EU requirements for new fire classification
The EU’s CPR requirements for cables came into force on the 10th of June 2016. The transitional period will end one year later, the 1st of July 2017. For Nexans, it marks the end of many years of work to develop clearer marking and standardised fire classes.
Discussions began in the 1990s about creating a European standard for marking cables along the lines of the EU Construction Products Directive. However, the “directive”, which can be implemented differently at national level, was in 2013 replaced by a “regulation”, which is a law or rule that all EU countries must apply. It was called the CPR – Construction Products Regulation.
In practical terms, it states that all cables must be CE marked to show that the product meets basic requirements. Everything used in civil engineering works, residential buildings, tunnels and other properties must have CPR compliant CE marking. The principle is the same as for CE marking under the Low Voltage Directive or for consumer products like toys and domestic appliances.
Cable manufacturers are covered by CPR rules from the 10th of June 2016, and they then have a year to implement them. Nexans has been working towards this change for many years.
– At Langhus we have development engineers with access to dedicated equipment and a fire lab, close to development, production and customers. This is a big advantage when developing CPR classed cables, as the cable performance and the norwegian market will have a primary focus.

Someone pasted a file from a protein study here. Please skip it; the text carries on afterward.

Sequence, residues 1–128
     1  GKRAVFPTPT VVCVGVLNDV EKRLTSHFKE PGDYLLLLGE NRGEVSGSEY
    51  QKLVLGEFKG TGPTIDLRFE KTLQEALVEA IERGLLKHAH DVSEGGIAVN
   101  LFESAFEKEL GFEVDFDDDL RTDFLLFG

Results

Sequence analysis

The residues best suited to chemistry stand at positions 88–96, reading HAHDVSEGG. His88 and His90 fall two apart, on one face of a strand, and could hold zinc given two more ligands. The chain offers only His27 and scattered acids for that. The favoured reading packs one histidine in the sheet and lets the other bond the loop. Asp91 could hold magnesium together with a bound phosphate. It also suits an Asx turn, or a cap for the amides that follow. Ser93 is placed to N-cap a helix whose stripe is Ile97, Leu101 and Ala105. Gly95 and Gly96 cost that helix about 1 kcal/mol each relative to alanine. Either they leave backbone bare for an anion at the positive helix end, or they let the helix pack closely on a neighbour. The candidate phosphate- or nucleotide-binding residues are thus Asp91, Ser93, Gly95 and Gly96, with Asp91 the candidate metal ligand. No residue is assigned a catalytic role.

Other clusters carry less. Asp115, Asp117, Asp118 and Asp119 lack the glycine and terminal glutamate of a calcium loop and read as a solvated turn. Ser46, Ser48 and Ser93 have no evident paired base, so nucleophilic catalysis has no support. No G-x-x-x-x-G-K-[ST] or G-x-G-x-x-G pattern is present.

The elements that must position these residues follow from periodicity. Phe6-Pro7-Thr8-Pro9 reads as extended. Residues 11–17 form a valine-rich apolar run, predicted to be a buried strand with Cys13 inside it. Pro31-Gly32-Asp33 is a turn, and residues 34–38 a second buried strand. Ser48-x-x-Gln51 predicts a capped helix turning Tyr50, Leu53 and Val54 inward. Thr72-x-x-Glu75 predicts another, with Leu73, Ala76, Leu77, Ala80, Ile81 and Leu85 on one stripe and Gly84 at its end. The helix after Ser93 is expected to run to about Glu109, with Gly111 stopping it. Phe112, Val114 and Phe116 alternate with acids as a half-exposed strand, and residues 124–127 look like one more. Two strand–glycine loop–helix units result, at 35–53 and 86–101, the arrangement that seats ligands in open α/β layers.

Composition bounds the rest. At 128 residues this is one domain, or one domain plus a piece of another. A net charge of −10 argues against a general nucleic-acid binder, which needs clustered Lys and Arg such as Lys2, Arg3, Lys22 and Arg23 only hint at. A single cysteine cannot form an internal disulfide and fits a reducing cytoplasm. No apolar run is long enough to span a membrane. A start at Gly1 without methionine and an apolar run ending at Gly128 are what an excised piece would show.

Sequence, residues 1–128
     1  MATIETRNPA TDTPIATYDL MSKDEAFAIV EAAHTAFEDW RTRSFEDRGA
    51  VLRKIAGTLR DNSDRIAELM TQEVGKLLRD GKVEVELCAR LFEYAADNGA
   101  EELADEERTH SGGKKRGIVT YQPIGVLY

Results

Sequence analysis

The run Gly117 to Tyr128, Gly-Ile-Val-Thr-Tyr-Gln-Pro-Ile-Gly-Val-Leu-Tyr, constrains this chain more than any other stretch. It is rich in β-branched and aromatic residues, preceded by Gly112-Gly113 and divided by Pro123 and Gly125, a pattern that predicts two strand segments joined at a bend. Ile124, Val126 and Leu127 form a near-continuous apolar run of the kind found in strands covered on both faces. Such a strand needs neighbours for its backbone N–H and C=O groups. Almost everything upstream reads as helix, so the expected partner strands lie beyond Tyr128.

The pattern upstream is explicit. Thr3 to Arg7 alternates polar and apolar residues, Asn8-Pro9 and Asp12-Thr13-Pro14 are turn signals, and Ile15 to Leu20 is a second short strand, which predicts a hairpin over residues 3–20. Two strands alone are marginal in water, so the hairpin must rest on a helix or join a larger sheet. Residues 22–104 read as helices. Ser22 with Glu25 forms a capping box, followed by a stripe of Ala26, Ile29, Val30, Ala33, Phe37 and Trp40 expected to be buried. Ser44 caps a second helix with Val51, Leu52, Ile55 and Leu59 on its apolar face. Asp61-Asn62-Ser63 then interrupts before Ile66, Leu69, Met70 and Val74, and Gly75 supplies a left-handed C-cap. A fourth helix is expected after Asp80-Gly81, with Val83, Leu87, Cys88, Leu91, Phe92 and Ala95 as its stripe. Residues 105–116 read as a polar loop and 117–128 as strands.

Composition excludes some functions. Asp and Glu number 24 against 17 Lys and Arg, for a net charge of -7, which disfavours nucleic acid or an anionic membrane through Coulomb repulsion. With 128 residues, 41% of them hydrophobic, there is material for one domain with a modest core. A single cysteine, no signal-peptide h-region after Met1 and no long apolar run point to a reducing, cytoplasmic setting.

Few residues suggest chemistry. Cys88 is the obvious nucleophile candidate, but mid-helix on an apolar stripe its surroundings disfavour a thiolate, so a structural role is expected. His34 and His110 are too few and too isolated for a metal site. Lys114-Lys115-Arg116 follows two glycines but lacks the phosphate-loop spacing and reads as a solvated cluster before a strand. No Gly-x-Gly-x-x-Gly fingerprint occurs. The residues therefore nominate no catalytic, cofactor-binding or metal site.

– The CPR requirements represent a general tightening up of the rules, requiring more advanced testing and new ways of measuring and recording heat release.
If there a major difference with the old requirements, or is it just about a new marking?
– The requirements are not entirely comparable with today's requirements because we now have a new classification scale from A to F. F burns immediately (no requirements) and A provides the best protection. E in the new scale is similar to the requirements specified by IEC 60332-2-1.
What demands does CPR place on manufacturers?
– For some products we have developed new plastic mixtures to meet the new requirements. Our aim is to create cables that are just as good, or better to install from the user's point of view, but are safer in the event of a fire.
Will Nexans have to change the way it works?
– One important change is that the manufacturers’ in-house tests are no longer a sufficient basis for CE marking. Final testing must now be done by or under the supervision of accredited labs.
How do I know if the cables are CPR marked?
– By checking that they have a label with CE marking and that the new fire classes appear on drum labels or packaging.
What should wholesalers do if they still have Nexans cables in stock without CE marking when the transitional period ends on 1 July 2017?
Wholesalers are allowed to sell any remanining stock.
Does this also apply to installers?
Yes, they can use their old cables.
Will some cables be discontinued?
– Some cables might be replaced, but no major changes.
Do the rules apply to cable manufactured outside Europe?
– Yes. The organisation bringing them into the EU is responsible for ensuring the cables are marked in accordance with the CPR rules.
What is the situation in Norway?
Every country has their own cable types and building traditions, and their own safety level. The requirements will be different from country to country. In Norway the current safety level continued with the new CPR rules.
Does Norway use cables differently from the rest of Europe?
Yes, to a large extent national types are used in Norway.
Who will be the big winners when the CPR standard is introduced?
– The general public will be the main winners. The CPR rules improve safety, and our knowledge will increase now that measurements are standardised across Europe.
Are there any losers?
– Rogue manufacturers that did not have the correct marking, and products that do not comply.
When will Nexans launch its first CE marked cables?
– They will be released consecutively in the beginning of 2017.